pregnancy and infant loss remembrance day

October 15th

October 15th is Pregnancy and Infant Loss Remembrance Day. At 7pm in all time zones across the world, we light a candle and keep it lit for an hour, in order to create a wave of light. This light will honor the lives that were lost too soon, but loved deeply nevertheless.

Today I remember my two angels that lived only within me. The were loved every moment of their existence and will continue to live on for every moment of mine…in my heart, in my memories, and in my thoughts.

I think of them everyday, but today I honor them.

Baby S.
7.7.13

Baby P.
12.5.13

photo

my candle, burning for my two angels

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what to do when you don’t know what to do with anger

I’ve been grappling with anger lately.

Over the last year I’ve noticed that I spend more and more time agitated and disappointed and feeling hurt by others. I often harbor feelings of anger that seep into my chest and seize me and can’t be shaken off. I find myself awake at night, with a loop of angry thoughts in my head, having imaginary fights. My heart rate increases, the pit in my stomach makes me nauseous. I want them to know, how they’ve let me down, how poorly they’ve behaved. I want them to know how much I hurt. But I don’t tell them, I just lay awake, angry and agitated.

None of this makes me feel good. I don’t feel like a good person or my best self sheltering those feelings. It doesn’t make me feel like the person I want to be. It doesn’t make me proud. It weighs me down, cripples me, impeding my path to lightness and balance.

I’ve always been sensitive, easily hurt, and often disappointed, but this feels new. This level of heaviness and fervor. It feels like too much, and more than I want to carry.

I want to release it all.

So I brought it to my therapist. After my rants, I pleaded with her. How do I let this all go? How do I stop being so affected by others? How do I stop caring what they do and what they don’t do? How do I forgive?

As we broke it down, I realized the anger I was feeling was only directed towards people that know about our struggles of the last two years, know about our losses, and know about the profound effect it’s had on us. But they are the ones that didn’t come through.

The ones that didn’t provide the right kind of comfort, never said the right things, and left us alone in our pain, grief, and isolation.They are the ones that don’t understand how deep this goes. They are the ones that act like life just goes on. They are the ones that said thoughtless things.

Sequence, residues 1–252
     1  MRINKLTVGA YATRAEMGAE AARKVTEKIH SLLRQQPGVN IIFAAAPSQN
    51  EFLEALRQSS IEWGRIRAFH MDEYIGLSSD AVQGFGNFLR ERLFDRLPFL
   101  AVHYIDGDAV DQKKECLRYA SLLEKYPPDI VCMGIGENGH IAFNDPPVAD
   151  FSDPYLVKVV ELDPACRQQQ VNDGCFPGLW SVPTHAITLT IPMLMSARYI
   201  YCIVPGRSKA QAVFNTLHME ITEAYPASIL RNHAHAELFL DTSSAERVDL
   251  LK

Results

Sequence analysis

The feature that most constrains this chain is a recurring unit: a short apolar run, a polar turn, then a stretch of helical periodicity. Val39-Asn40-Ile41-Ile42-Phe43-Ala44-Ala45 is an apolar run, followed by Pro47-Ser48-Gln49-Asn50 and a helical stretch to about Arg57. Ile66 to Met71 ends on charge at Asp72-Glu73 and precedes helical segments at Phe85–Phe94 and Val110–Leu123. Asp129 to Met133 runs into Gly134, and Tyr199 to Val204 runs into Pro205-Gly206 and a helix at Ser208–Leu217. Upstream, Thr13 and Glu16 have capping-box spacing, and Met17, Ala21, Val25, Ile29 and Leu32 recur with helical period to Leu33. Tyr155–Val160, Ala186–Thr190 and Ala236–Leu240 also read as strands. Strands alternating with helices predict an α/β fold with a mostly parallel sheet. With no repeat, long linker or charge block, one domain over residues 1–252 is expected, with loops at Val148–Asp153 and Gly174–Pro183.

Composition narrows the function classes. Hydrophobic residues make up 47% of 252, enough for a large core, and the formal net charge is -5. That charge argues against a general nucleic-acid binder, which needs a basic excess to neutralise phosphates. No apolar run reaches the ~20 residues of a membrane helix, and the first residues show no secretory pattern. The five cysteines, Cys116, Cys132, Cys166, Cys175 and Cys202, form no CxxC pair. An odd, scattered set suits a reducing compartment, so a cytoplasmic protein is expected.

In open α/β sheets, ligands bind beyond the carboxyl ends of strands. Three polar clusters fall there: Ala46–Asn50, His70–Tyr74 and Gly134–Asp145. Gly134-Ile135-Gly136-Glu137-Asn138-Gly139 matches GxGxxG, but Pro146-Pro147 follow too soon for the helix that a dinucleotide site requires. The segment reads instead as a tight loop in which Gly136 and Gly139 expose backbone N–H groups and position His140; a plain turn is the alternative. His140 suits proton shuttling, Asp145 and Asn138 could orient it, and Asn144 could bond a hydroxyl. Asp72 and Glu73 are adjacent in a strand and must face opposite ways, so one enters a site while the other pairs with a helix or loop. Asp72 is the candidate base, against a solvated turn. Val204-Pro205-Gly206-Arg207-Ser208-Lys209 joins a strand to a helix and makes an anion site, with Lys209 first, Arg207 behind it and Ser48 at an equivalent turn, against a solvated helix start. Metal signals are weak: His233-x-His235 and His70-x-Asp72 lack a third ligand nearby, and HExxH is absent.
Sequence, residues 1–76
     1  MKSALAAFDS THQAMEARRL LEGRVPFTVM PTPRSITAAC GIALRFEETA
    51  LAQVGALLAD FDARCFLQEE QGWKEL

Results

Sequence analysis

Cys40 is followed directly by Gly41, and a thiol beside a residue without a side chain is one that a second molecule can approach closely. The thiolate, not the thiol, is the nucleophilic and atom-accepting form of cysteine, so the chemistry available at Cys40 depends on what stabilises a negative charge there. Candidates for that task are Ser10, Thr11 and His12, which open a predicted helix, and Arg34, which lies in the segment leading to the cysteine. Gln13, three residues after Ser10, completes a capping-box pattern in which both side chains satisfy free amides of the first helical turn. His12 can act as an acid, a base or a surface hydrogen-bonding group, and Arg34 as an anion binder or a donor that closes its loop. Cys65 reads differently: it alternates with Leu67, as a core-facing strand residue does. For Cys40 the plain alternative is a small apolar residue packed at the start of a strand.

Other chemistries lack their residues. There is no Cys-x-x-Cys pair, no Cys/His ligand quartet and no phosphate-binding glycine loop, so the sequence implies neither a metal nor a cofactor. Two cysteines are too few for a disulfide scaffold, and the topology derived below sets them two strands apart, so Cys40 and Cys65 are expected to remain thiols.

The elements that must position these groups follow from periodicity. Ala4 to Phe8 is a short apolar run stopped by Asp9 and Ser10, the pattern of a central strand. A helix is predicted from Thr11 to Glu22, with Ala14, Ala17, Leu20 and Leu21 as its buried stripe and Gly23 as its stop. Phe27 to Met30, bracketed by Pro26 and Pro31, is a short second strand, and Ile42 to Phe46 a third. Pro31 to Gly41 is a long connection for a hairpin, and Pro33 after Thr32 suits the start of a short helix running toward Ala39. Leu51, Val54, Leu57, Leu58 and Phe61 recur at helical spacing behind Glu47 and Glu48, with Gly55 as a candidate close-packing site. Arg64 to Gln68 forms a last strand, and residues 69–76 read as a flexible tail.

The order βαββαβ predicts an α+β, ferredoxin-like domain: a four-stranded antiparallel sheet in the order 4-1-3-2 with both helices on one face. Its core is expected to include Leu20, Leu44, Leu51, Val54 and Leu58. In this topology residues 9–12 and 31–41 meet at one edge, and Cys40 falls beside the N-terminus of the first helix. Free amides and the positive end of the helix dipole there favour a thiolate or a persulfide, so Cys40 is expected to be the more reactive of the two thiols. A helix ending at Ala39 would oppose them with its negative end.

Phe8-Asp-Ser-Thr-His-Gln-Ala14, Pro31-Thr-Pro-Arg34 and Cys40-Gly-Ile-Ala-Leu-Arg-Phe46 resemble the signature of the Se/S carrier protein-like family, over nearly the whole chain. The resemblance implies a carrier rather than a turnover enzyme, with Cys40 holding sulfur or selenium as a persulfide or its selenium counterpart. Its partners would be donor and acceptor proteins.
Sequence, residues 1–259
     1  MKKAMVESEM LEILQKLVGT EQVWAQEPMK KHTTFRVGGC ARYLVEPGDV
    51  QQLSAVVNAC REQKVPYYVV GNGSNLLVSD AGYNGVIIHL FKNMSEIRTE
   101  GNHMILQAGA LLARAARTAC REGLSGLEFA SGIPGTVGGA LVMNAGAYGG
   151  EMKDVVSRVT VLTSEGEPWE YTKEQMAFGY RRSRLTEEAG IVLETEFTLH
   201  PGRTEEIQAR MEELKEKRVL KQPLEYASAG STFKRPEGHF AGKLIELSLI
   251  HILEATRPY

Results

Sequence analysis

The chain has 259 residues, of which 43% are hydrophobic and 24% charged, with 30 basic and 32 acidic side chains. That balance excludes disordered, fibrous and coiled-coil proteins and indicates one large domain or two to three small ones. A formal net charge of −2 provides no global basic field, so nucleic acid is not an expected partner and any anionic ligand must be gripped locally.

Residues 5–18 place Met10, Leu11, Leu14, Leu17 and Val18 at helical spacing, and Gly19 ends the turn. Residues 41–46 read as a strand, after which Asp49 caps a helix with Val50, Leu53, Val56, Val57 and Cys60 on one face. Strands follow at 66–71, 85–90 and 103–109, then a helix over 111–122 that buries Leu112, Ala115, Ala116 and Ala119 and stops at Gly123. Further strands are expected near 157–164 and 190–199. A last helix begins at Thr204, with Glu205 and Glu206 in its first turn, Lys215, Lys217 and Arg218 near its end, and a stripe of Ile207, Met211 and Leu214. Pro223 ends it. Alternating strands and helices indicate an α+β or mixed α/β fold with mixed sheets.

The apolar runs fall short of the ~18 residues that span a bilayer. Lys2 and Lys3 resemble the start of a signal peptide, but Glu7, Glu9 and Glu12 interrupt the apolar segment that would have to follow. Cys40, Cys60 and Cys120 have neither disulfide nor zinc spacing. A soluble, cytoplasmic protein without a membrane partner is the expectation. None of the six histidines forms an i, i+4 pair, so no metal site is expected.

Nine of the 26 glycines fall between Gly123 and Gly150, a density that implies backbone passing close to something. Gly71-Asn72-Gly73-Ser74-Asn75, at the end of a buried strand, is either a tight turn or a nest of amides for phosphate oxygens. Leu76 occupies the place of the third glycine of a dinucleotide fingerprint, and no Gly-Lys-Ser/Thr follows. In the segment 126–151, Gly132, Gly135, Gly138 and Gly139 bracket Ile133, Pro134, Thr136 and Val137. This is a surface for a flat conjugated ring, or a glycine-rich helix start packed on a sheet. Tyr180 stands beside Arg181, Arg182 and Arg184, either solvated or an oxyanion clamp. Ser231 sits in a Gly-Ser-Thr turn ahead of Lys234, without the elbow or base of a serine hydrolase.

I don’t want to have to feel bad about being pregnant around you. Just relax, that’s what I did, look at all my kids! You miscarried because you are too skinny. You miscarried because you are too stressed. Don’t be upset about your miscarriage, it’ll happen, just stop thinking about it.

And then there are the ones that stayed quiet. And continue to stay quiet.

I feel angry at them because I have been hurt by them.

But my therapist and I started to dissect further. Why was it affecting me so much? I have such a huge network of love and support. I have so many people that never let me down. That listen, and try to understand even if they haven’t been through it. That never forget that no matter my smile, no matter my laugh, I’m always carrying a bit of pain inside. And I know, that this kind of loss is not easy to understand if you’ve never experienced it. I know that there’s really no way to understand. 

But eventually I realized the paradox. I have all this anger because I’ve never allowed myself to be angry about our actual miscarriages.

I’ve felt sadness, pain, grief, and loss, but never anger. Subconsciously, I didn’t think I was allowed to be angry. If I get angry at the universe, and start screaming, why me, that means I’m just throwing a pity party for myself. That means I’m not grateful for everything I have. If I get angry that I continue to have to fight so hard for everything I want in life, I’m ignoring all the things that I’ve been given easily.  If I get angry that means I think my struggle is worse than someone else’s struggle. If I allow myself to be angry, what will that do, besides create a pattern of negative, bitter thinking?

Underneath the surface, this is what I thought. And there is truth to it, if you hold on to the anger for too long, you will allow it to permeate, fester, and grip you, making it harder and harder to release and move on. Making bitterness and cynicism a default.

But when something happens to you that sucks, something that’s not your fault, that’s random and throws your world upside down, it’s ok to be angry. My therapist let me know I can be angry about one thing, while still grateful for all the other things. I can be angry without discounting all that I’ve been given. They can co-exist.

I’m a gentle soul with a soft personality, and exploding with anger does not come easily to me. Expressing anger does not come easily to me.

But harboring anger does.